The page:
Time Out

I thought being retired would leave me all the time in the world for writing. Or at least the four days a week that I’d been working previously.

But that’s not what has happened. For one thing, the business of writing and then PUBLISHING means so much of my time has been spent sourcing and implementing the necessary tools (and there are many of them!), then maintaining those tools technically.

There’s also social media. Between my writing, my personal life, and my church, I now oversee two websites, two Instagram channels, four Facebook pages, a Youtube channel, a blog, and a minimal presence on other social media tools to point people to the ones I actually use.

Let’s not forget the learning and the networking. My writing group twice a month, online classes about tools and techniques, seminars on everything from self-publishing to serial killers (usually in London in my case), Facebook and professional groups that I join to get my name out there and learn from my peers. All a necessary part of keeping up to date in my field and publicizing my endeavors.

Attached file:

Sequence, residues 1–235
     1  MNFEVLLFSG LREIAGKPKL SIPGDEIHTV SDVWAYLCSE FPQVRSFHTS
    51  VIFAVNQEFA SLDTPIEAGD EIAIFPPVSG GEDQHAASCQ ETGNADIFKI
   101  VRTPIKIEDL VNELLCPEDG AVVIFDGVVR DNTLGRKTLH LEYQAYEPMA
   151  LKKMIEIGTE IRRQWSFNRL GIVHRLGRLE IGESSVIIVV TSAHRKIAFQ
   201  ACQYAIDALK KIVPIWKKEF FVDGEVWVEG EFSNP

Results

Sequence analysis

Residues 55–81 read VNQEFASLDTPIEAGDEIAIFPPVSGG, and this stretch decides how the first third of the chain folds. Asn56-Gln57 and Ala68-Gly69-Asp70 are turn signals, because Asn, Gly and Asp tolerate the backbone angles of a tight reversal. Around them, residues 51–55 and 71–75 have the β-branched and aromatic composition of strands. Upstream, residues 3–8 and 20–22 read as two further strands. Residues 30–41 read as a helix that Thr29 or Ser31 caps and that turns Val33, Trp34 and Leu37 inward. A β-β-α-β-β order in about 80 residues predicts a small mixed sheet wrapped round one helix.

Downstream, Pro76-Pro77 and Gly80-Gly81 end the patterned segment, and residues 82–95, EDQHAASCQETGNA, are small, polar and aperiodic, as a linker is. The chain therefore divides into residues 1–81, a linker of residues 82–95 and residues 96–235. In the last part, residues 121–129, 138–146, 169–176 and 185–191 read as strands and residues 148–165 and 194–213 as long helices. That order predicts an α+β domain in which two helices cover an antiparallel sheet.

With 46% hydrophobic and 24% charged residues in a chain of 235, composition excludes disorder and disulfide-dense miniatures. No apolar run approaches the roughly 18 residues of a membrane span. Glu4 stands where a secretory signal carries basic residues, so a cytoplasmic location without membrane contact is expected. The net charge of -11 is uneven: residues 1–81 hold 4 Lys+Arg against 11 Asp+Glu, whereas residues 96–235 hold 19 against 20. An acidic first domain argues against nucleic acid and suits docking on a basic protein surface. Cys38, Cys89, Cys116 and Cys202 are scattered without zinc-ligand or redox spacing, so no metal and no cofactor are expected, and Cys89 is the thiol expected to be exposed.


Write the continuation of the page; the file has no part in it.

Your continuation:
And when I gave up my job I also gave up my housecleaning service. So add housework to that list, as well as helping my husband support an elderly parent (mum-in-law is currently 101 years young!).

Between all this, I have plenty of excuses I can use for why I’m not writing. Heck, some of them even have to do with the business of writing! And it’s not worth writing until inspiration strikes anyway, right?

Wrong. The basic truth is that this career change was all about writing and getting my writing out there so others could enjoy it. And if I’m not writing, none of the rest of that can happen. Plus, writing is the part I really enjoy, something I tend to forget if I don’t do it for a while.

That means on those four days a week that I used to work (at least), I sit down for a number of hours and I write. I have my starting ritual now (a cup of hot chai latte, feed the cats, fill my water bottle–I hear some folks light a candle or change their clothes) and then it’s writing all the way. On blog days, though, I include this as writing. 🙂

The corporate world works because people are paid to show up for a certain number of hours and devote themselves to their jobs. If I’m going to be a successful writer, I can give nothing less.

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